There are no general solution methods that allow one to find the global extremum of functional Eq. (5) under the conditions of the action of perturbations. When using input data ${T}^{*}\left(t,\delta \right)$, that take into account measurement errors $\delta $, the method of sequential parameterization [8][11], which is successfully used to find solutions to inverse problems of heat conduction under deterministic influences, is proposed to be supplemented with the use of ANN. Neural networks are profitably applied to solve problems of approximating time series, constructing dynamic dependencies, predicting the values of functions at future moments in time related to direct problems [17][19]. By choosing the type of neural network, the number of layers and neurons in each of the layers, setting the activation function and the network learning algorithm, the behavior of the state function is reproduced with a sufficient degree of accuracy. To search for solutions to problems in mathematical physics, it is recommended to use such neural networks as multilayer perceptron, networks with radial basis functions, probabilistic networks, generalized regression networks [20], [21]. Neural network technologies can also be used to solve inverse problems [22][24].
The formulated parametric optimization problem (Eq. (5)) is considered under conditions of interval uncertainties, when the amount of a priori information about the values of the parameters ${a}_{0}{a}_{N}$ is limited by information about the boundaries of the interval of their possible change:
A set of possible combinations of parameters ${a}_{i}$, $i=\stackrel{}{0,N}$ forms a ensemble of temperature curves ${T}_{M}\left({x}^{*},t,\mathrm{\Delta}\right)$, $\mathrm{\Delta}=\left({a}_{0},{a}_{1},\dots {a}_{N}\right)$, that satisfy the conditions (Eq. (6)). Then the problem (Eq. (5)) is considered with respect to a set of temperature realizations that satisfy all possible combinations of parameter values ${a}_{i}$, $i=\stackrel{}{0,N}$. To solve this problem, neural networks are used that allow processing large data arrays containing possible values of the parameters of the identified characteristic and the corresponding realizations of the temperature field.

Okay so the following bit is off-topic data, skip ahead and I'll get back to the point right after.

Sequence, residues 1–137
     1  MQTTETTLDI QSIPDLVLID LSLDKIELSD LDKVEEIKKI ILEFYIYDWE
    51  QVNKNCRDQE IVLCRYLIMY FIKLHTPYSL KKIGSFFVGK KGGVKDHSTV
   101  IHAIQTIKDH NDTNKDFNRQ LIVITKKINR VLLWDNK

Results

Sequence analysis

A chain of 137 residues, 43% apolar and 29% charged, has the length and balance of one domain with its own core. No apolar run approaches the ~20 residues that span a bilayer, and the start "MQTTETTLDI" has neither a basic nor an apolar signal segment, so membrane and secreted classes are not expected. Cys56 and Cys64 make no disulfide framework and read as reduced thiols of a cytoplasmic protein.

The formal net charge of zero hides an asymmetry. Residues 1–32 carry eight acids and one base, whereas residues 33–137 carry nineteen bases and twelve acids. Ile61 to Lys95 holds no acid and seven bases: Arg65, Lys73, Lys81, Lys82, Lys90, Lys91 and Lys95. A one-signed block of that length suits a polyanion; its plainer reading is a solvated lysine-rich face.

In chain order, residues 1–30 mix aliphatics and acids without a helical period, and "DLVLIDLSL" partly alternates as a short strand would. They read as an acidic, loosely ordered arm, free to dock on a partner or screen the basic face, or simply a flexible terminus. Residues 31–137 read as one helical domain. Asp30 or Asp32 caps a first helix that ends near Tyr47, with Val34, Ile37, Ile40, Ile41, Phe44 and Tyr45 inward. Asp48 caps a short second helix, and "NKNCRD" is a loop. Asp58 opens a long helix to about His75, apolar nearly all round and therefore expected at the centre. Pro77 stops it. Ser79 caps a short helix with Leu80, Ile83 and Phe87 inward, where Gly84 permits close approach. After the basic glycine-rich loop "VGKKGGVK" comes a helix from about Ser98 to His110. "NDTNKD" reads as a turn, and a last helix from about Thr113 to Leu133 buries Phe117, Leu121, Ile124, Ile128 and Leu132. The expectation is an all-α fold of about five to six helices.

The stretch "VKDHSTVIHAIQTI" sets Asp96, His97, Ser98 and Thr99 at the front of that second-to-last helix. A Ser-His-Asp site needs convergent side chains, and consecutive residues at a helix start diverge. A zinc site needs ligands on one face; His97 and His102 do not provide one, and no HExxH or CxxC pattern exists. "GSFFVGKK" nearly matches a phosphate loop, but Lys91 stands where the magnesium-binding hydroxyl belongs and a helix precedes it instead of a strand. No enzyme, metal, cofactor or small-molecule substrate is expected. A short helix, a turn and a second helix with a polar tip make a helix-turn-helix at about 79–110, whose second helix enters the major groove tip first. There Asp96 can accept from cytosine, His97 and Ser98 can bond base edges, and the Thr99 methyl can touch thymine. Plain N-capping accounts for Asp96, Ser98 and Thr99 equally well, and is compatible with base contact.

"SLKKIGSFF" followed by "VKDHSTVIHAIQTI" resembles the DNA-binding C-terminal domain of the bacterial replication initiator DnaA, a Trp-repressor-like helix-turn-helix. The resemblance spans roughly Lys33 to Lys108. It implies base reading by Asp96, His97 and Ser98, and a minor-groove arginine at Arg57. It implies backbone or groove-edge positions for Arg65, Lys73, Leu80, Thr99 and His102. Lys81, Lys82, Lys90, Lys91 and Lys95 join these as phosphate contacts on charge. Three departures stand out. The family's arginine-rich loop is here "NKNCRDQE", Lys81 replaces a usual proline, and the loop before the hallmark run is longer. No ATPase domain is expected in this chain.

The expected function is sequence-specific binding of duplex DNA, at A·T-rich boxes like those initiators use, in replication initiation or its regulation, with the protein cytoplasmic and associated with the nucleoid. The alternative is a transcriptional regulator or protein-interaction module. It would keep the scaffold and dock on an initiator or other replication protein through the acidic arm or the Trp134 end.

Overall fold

Solution to the problem (Eq. (5)) based on noisy input data ${T}^{*}\left(t,\delta \right)$ is reduced to a stepbystep search for the values of the parameter vector ${\mathrm{\Delta}}^{\left(N\right)}=\left({a}_{0},{a}_{1},\dots {a}_{N},\right)$ for increasing values $N=\mathrm{1,2},\dots ,{N}^{*}$. The iterative procedure ends at $N={N}^{*}$, when the solution obtained at the next step ${\mathrm{\Delta}}^{\left(N\right)}$ ensures the achievement of an absolute ${T}_{M}\left({x}^{*},t,{\u2206}^{\left(N\right)}\right){T}^{*}\left(t\right)\le {\epsilon}_{1}$ or relative ${T}_{M}\left({x}^{*},t,{\u2206}^{\left(N\right)}\right){T}_{M}\left({x}^{*},t,{\u2206}^{(N1)}\right)\le {\epsilon}_{2}$ accuracy.
At each iteration, for a chosen number $N$ and a given, thus, the structure of the vector ${\mathrm{\Delta}}^{\left(N\right)}$, the problem of parametric optimization (Eq. (5)) taking into account the perturbed input data ${T}^{*}\left(t,\delta \right)$ is reduced to the execution of the following algorithm.